Disasters are often unexpected by their very nature, leaving little time, if any, to prepare. That is why it is so important to put time into planning and preparation long before the disaster strikes.
Governments around the world are preparing by introducing new measures and technology to keep the Covid-19 virus under control. Preparedness includes plans and other preparations made to save lives and facilitate response and recovery operations. Understanding how the virus is transmitted, the population most at risk (demographics), the spectrum of the disease, and the most effective ways to detect, interrupt and contain transmission are all important input in order to prepare adequate responses.
Adding understanding of historical movement of the public, such as travel patterns, gathering points and the number of individuals at these locations at different times gives the possibility for modelling the possible geographical spread and speed in transmission of the disease.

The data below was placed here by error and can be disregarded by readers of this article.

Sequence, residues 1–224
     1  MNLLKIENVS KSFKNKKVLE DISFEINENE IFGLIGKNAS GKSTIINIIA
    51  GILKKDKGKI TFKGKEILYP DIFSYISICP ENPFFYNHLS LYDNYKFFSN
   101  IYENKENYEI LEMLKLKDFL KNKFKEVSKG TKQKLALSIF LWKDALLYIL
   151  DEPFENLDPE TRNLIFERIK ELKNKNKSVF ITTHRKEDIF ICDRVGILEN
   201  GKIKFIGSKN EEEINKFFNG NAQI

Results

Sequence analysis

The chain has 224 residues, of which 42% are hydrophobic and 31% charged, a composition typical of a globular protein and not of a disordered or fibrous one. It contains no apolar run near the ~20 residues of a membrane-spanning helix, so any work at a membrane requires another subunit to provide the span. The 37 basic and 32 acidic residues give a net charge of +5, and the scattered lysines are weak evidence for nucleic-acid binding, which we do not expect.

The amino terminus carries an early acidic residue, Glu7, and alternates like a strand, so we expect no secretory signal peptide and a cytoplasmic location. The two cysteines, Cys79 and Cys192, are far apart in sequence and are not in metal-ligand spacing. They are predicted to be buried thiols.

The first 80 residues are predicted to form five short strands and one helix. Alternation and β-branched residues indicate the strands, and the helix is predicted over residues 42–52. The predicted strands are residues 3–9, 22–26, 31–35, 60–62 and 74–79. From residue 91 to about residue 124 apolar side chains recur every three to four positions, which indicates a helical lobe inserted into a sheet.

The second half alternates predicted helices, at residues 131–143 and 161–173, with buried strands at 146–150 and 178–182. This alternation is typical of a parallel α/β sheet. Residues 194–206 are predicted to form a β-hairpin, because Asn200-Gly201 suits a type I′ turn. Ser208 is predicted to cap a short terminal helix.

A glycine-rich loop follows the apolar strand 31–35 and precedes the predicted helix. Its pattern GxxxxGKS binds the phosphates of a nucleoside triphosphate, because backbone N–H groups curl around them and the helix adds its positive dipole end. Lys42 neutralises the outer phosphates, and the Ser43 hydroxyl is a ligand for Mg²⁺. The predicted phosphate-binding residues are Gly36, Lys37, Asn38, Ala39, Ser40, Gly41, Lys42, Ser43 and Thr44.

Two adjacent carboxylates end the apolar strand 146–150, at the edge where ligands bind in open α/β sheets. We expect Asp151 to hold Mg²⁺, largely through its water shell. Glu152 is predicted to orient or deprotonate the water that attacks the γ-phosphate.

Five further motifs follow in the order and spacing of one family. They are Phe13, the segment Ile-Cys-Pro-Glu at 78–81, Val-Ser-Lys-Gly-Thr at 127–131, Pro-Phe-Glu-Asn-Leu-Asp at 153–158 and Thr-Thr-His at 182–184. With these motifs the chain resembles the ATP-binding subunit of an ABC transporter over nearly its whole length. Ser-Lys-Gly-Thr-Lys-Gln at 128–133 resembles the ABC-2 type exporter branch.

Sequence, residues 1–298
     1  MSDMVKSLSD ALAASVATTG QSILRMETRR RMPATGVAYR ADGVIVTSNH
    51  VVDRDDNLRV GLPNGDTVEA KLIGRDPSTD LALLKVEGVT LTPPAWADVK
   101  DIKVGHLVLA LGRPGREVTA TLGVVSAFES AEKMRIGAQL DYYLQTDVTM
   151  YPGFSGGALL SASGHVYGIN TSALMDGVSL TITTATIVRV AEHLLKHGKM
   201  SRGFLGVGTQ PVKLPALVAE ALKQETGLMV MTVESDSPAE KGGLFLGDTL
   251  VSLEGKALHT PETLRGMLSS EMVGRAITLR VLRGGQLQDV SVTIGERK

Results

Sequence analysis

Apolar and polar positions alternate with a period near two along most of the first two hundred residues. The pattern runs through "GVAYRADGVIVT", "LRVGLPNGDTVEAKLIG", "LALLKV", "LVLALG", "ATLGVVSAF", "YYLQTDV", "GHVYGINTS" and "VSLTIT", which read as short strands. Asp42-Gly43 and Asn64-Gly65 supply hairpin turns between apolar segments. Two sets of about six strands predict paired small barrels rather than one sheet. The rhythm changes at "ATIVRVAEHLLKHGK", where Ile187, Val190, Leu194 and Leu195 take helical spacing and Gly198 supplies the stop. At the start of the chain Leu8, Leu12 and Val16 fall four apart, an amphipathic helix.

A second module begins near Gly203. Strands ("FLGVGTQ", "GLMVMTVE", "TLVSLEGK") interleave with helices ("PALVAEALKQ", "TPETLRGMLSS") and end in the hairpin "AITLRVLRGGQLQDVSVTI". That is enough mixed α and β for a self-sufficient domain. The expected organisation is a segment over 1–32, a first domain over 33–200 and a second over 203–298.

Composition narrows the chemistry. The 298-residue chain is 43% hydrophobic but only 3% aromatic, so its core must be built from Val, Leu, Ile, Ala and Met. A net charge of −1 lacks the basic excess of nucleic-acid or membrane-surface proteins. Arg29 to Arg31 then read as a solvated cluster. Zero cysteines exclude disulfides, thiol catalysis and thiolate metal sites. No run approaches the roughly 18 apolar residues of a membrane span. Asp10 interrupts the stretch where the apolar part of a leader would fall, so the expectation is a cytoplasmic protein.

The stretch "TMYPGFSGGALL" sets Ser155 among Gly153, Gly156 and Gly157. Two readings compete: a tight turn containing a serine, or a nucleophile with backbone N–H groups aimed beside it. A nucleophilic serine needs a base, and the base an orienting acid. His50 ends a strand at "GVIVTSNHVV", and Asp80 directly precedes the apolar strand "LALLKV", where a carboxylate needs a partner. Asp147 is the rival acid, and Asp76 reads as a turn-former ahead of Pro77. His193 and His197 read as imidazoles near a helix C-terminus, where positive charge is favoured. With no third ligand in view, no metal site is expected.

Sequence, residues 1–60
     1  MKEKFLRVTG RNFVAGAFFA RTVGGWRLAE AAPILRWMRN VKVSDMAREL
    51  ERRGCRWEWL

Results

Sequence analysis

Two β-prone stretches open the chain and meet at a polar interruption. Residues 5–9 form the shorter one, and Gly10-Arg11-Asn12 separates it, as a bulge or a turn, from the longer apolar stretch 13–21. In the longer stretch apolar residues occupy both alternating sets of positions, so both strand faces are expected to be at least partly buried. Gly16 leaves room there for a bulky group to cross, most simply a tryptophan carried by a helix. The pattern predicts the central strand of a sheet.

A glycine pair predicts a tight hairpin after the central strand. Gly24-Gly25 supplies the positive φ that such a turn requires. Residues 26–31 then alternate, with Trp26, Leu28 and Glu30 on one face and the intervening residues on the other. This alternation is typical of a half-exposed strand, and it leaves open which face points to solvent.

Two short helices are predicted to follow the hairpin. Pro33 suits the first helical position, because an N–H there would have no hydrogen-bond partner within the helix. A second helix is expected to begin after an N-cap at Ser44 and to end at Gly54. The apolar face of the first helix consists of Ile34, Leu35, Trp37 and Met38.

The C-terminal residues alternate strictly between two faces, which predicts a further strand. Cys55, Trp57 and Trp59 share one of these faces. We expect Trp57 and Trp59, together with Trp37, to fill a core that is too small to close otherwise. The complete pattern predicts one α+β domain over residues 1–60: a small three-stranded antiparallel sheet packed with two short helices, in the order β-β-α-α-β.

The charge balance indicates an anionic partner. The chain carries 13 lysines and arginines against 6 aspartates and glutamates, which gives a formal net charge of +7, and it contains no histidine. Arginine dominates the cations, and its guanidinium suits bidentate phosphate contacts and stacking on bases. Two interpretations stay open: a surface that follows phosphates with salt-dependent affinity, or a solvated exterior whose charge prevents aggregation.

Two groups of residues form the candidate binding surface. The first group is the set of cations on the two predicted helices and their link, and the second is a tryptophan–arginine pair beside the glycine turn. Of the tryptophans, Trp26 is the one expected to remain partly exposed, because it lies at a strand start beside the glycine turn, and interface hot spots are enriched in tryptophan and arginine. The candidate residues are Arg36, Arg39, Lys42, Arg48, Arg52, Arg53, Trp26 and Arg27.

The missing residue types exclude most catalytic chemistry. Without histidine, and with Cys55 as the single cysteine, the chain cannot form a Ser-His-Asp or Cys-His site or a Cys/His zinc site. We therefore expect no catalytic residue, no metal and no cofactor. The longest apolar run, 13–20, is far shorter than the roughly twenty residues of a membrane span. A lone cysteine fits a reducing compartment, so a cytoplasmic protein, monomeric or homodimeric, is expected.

The capability to detect how many persons that currently are in a particular geographical region can be used to dimension your health care capacity properly, looking at both public and private facilities, including provisioning of personnel, medicines, diagnostics and other supplies. Based on this prepare guidance instructions for where people should be directed for healthcare.
Tools supporting improved preparedness will become a “must” for nations in handling the current pandemic and preparing for future crisis scenarios.